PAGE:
He's extraordinary in both films, but Moneyball may be the one to land him the Academy Award
Sony Pictures / Fox Searchlight
Brad Pitt is a great actor. It's easy to forget that fact amid the endless tabloid obsession over his non-relationship with Jennifer Aniston, his ever-expanding brood with Angelina Jolie, and his hunk-for-life status. But few ordinary gossip magnets could have credibly delivered the two vastly different performances Pitt has offered in 2011. The hardscrabble '50s Texas dad of The Tree of Life and the magnanimous Billy Beane of Moneyball don't have much in common beyond the overarching sense that they are stark personalities with emotions that run deep—and that they're both among the most memorable characters on screen so far this year.
The Tree of Life and Moneyball have both racked up rave reviews, and Pitt's performances in each have been singled out for praise. What's more, Pitt is a two-time Oscar nominee without a little gold man on his shelf. As awards season amps up, speculation has naturally centered on whether this could be Pitt's year and, if so, which of his 2011 performances is more deserving of the statue.
'Moneyball' isn't a dramatization of sports history. It's a portrait of a man thinking his way out of a professional and personal abyss.
Of course, attempting to compare two distinct works side by side is a dicey proposition, especially considering that each film's releasing studio (Fox Searchlight for Tree and Sony Pictures for Moneyball) will make its own decision on how to market Pitt to the Academy. But Oscar precedent shows that when there are two awards-worthy performances given by the same actor in the same year, it's usually best to concentrate on one. So Pitt's hopes rest on a focused, targeted campaign for the performance that's most likely to resonate with voters, a notoriously old-fashioned bunch.
In The Tree of Life, Terrence Malick's spiritual ode to existence, Pitt plays the archetypal tough Texas father. On the surface, the no-nonsense Mr. O'Brien—his hair cropped to a tight crew cut—is a taskmaster who dominates his family, demanding adherence to a a code of domestic rules and rituals. He makes his presence felt; unafraid to get physical with his sons or his wife (Jessica Chastain), O'Brien preaches ferocity and a steel will as the best way to get ahead in the world.
Given the part's obtuse nature and the philosophical bent of the production, Pitt could very well have stopped there. He might not have gotten much help from Malick, given that Sean Penn complained to Le Figaro in August that the filmmaker never explained what Penn's character (the older version of Jack, one of the O'Brien sons) was supposed to be doing in his scenes.
Yet each of Pitt's stern moments is underlined with vulnerability, and the effect is a nuanced picture of a man who can't quite confront his own inner emotional turmoil. O'Brien's inability to get his entrepreneurial business going forms a deep-rooted sense of emasculation that shows itself in Pitt's subtle expressions of anxiety and regret, as well as a few outpourings of terse rage.
Pitt's scenes with the top-notch actors playing his three sons are rife with a sense of longing—for an emotional connection that's not there, for the mutual respect that's inherent in a meaningful father-son bond, for the opportunity to say what must be said. These complicated moments, rather than Malick's digressions into the ancient past or the vast cosmos, form the core of the production.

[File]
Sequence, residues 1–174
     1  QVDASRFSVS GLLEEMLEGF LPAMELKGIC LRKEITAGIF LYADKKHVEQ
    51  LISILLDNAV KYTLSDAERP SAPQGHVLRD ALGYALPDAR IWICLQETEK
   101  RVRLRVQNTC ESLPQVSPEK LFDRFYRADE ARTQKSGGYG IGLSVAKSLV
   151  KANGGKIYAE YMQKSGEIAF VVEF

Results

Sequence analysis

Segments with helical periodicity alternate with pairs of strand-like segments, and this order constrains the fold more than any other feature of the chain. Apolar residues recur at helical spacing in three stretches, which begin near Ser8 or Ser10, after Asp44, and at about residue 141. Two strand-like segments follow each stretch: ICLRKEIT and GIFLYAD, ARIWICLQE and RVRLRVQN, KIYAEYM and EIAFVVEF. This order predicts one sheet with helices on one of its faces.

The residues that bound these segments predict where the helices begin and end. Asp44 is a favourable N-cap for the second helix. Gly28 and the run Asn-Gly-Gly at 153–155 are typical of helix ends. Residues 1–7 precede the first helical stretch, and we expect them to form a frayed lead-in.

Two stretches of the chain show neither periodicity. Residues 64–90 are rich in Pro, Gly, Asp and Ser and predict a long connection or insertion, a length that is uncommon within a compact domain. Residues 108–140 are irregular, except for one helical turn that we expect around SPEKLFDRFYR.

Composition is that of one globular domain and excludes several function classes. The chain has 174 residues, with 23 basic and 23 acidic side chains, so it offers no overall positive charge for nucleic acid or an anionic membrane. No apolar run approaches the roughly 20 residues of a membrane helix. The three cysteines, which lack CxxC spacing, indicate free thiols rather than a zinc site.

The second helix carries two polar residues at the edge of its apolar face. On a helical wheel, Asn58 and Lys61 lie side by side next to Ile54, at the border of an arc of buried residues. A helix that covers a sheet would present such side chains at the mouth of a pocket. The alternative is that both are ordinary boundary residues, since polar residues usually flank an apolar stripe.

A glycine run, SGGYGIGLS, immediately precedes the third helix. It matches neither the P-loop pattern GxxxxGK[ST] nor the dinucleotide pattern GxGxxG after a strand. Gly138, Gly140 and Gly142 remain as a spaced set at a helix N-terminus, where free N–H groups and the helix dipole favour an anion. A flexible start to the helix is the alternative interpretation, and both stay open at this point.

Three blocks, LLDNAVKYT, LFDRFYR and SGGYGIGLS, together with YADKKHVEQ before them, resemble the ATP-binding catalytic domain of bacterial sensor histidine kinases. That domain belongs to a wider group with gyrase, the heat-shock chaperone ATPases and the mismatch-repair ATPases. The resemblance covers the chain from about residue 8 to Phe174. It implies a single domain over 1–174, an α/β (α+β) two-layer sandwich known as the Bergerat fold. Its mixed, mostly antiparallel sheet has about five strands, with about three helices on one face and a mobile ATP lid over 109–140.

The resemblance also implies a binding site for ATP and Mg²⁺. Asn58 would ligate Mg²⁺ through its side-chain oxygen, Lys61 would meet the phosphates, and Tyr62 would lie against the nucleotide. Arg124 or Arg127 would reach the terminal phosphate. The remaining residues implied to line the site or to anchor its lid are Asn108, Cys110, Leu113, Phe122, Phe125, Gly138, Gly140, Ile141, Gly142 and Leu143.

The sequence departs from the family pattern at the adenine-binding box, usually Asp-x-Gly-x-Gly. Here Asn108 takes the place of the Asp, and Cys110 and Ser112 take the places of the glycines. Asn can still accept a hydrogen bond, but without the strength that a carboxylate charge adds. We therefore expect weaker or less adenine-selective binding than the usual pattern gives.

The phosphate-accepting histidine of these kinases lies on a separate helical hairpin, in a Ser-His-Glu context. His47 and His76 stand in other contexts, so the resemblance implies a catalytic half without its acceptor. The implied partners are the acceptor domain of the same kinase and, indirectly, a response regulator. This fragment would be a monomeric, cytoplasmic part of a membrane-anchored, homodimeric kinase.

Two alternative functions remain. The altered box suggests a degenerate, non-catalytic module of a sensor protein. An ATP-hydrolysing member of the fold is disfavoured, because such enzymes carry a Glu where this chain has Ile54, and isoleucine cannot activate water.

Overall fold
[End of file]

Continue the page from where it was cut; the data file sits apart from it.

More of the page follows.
It's award-worthy work, to be sure, and in another year (and in a film by a more accessible director), it might have been enough to get Pitt his Oscar. The safer bet in 2011, though, is Moneyball.
Bennett Miller's adaption of the Michael Lewis book about revolutionary Oakland A's general manager Billy Beane opened last weekend to the sort of acclaim reserved for surefire awards candidates, with more than one outlet comparing it to The Social Network.
The film could be nitpicked for a few factual omissions (whither top starters Tim Hudson, Mark Mulder and Barry Zito?), and a strong case could be made that Beane's imprint on baseball has been overstated. The picture, however, isn't a dramatization of sports history but the portrait of a man thinking his way out of a professional and personal abyss.
And the best testament to the quality of Pitt's work is the ease with which he imposes an extraordinary range of feelings onto scenes of Beane merely sitting and thinking. There are few activities less inherently cinematic, but it is in these moments that the actor gives us a full measure of the man.
Whether he's seen in close-up, adrift in thought while driving his truck, or in a long shot where he stands in an empty stadium and contemplates the uncertainty of a trying offseason, Pitt transforms talk of statistics, playoffs, and walks into grand human drama. We might not understand VORP or WHIP or the trading deadline, but we understand pressure, loneliness, the intense challenge that comes with being saddled with great responsibility while also trying to innovate.
Pitt seamlessly blends those moments of deep concern with projections of confidence. Beane struts through Oakland's offices, boasts to the franchise's ownership of his plan to fix the squad, sternly addresses the team, and matter-of-factly informs players that they've been traded or released.
Beane's public persona is equal parts boss and salesman, and he sets the course for the organization while hawking its viability to his underlings, especially Jonah Hill's Peter Brandt. Pitt nails the preternatural ease of a born leader, so smoothly imparting Beane's vision that you'd be crazy not to buy in.
The film is driven by that blend of movie-star charm and serious-actor chops, the seamless intermingling of Beane's disparate inner and outer worlds. And that's what will likely bring Pitt back to the Kodak Theatre on February 26.